Wednesday, September 29, 2021

ISO NE -- What's Going On? -- September 29, 2021

10:44 p.m. EDT -- posts / screen shots. The actual data lags about one hour.

Electricity rates just spiked on the east coast.

Link to ISO NE.

In the past hour or so, real-time rates have moved from $70/MWh to over $105 / MWh.

For newbies:

  • $20 / MWh: when demand is low; renewable energy supplying max available
  • $30 / MWh: pretty normal expectation
  • $70 / MWh: very high rates
  • $100 / MWh: expect to see this with high a/c demand; high heating demand
  • $200 / MWh: rarely seen

Fuel mix chart:

  • for some reason percent of demand met by natural gas has dropped way off and expensive Canadian hydroelectricity is surging:
  • natural gas: 53%
  • nuclear: 29%
  • 11% hydro
  • renewables: 6%

Holy mackerel: a refresh shows real-time costs have spiked to over $200/MWh. 10:51 p.m. EDT. This is autumn; not hot summer weather and not cold winter weather, and yet coming on midnight, electric rates are surging.

Folks think charging EVs overnight will not be that big a deal.

Graphics:


 
 
Note: the screenshots were taken at the time indicated but the actual / real-time data was one hour earlier, at 9:50 p.m. EDT. 

The original graph below had to be redrawn to more than double the "y" axis to capture the $200+ spike in MWh price.

Later: rates quickly dropped to $100 / MWh after the above screenshot. A reader follows this much more closely than I do and probably has a good explanation. The thing I'm trying to point out is the overnight charging of EVs is going to be a bigger deal than most folks realize. EV penetration in New England is negligible.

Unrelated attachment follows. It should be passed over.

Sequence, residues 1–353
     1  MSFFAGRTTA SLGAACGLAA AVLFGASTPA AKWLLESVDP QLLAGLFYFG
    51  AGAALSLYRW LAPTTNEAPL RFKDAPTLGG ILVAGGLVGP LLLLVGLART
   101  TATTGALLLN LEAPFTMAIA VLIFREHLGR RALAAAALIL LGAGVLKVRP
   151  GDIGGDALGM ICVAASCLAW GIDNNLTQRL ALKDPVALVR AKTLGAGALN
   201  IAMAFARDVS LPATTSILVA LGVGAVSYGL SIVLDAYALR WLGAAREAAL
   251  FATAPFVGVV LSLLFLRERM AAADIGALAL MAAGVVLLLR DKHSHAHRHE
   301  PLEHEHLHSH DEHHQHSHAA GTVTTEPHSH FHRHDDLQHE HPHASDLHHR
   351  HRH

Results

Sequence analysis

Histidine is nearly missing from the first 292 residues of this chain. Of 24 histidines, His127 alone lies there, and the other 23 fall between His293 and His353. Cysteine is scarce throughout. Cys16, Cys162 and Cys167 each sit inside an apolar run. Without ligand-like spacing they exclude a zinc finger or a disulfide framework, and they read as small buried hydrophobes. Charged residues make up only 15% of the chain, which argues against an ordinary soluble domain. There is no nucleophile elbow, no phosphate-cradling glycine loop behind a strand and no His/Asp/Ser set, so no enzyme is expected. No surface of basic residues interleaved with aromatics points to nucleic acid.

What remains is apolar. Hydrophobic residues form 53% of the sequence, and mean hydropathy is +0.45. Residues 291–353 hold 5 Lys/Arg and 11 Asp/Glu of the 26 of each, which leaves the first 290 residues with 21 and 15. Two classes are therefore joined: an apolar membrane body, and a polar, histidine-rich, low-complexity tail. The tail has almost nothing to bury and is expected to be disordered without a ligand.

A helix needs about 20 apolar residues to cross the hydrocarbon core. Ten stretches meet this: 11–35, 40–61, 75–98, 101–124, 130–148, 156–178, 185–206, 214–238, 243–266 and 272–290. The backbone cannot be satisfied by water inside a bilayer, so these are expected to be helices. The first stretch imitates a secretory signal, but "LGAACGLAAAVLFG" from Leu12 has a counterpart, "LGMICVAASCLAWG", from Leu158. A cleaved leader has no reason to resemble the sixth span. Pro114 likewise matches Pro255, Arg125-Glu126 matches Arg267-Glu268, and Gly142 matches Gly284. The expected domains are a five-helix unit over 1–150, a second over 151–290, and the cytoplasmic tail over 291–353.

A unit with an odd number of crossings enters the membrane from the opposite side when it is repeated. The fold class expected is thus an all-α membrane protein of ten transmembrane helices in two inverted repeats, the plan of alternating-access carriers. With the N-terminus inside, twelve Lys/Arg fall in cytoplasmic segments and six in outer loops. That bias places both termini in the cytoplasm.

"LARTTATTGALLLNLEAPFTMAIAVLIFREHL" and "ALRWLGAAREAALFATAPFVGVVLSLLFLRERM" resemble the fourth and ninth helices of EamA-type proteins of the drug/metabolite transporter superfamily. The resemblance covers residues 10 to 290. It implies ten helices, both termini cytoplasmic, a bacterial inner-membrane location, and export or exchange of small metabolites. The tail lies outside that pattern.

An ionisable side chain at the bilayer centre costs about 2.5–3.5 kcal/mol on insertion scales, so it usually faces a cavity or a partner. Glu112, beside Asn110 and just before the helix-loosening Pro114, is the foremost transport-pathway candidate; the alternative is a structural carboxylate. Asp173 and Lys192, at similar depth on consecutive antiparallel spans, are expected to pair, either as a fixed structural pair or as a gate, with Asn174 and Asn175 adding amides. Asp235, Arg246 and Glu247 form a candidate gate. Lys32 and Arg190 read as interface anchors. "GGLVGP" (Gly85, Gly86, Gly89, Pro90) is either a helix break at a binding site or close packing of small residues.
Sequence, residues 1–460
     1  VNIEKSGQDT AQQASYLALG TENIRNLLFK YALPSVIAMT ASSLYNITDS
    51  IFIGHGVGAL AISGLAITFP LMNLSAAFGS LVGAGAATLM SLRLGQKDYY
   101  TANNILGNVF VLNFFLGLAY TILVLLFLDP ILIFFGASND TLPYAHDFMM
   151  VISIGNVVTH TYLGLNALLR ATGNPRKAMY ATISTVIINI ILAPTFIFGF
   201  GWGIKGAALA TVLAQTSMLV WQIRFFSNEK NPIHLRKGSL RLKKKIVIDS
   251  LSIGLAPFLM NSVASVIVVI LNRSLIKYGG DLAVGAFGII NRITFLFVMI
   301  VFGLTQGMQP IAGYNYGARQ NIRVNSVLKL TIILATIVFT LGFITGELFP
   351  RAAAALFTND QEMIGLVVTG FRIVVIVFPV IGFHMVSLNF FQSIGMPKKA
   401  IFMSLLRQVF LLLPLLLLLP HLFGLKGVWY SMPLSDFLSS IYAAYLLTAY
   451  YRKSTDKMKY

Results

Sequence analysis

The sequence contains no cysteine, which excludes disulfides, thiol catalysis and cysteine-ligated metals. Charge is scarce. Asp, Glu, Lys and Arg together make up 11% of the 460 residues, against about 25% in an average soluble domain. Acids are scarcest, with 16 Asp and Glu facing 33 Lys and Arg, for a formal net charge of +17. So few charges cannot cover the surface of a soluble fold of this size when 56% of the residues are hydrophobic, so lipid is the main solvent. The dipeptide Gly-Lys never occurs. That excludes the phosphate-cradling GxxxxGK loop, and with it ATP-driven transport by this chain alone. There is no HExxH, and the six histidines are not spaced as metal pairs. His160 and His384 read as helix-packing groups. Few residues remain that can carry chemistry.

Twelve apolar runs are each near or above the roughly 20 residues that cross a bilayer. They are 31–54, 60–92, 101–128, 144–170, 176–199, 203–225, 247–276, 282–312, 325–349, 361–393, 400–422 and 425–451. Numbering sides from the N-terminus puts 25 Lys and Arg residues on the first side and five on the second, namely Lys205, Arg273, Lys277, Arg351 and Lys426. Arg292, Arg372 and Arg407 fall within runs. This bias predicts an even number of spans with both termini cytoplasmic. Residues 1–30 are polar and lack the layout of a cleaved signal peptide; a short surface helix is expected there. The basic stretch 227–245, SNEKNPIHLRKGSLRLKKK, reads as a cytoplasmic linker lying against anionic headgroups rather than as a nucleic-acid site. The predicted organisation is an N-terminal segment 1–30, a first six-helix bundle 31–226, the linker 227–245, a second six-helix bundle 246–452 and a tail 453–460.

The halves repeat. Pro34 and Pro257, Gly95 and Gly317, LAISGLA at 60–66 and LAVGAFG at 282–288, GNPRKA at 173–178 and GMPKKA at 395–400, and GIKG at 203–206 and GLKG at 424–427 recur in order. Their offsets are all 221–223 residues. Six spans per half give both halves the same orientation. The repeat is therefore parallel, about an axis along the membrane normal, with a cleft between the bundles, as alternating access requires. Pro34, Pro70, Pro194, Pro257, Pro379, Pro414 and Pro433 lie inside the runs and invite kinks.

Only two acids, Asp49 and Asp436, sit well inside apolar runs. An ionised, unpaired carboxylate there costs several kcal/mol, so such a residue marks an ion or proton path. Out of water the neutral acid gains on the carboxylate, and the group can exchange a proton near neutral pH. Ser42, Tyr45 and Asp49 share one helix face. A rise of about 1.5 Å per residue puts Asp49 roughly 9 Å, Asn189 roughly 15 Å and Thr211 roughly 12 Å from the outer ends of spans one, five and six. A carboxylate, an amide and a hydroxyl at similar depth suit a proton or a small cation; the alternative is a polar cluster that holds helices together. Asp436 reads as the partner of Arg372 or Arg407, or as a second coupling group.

MRO Taking Nice Wells Off Line In Antelope-Sanish -- September 29, 2021

MRO has taken several wells on the MRO Chauncey-Winona pad off line. These wells are tracked here

Interestingly, several MRO wells on another pad south of these wells have also come off line. For example:

  • 18471, 380, MRO, Hunts Along USA 12-1H, Antelope-Sanish, t1/11; cum 255K 7/21;
PoolDateDaysBBLS OilRunsBBLS WaterMCF ProdMCF SoldVent/Flare
SANISH7-2021116446153711215112530
SANISH6-20213017401700132026422702194
SANISH5-20213117321719142128122414180
SANISH4-20213016831722196425961851562
SANISH3-202131113010701743118688219

There's a lot of activity in this area -- existing, producing wells -- but I don't see any "new" activity on the GIS map. Unfortunately, NDIC is not updating scout tickets or the map in a timely matter, so hard to find additional information.

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Halloween, 2021

Grandson planning to go out as a "Trump Supporter" on Halloween.

Covid-19: For The Archives -- September 29, 2021

 






MRO: Damn The Torpedoes! Full Speed Ahead! Five More Permits In The Prolific Bailey -- September 29, 2021

NFL

  • ratings: link here.
    • huge ratings: the best start for the league since 2016, which analysts attribute in part to the easing of the pandemic and other factors.
  • Brady: he really, really made the right decision to come back "one more" season
    • Brady's statistics: insane; link here;
    • Brady to return to "his" arena; this Sunday; can't-miss TV; link here;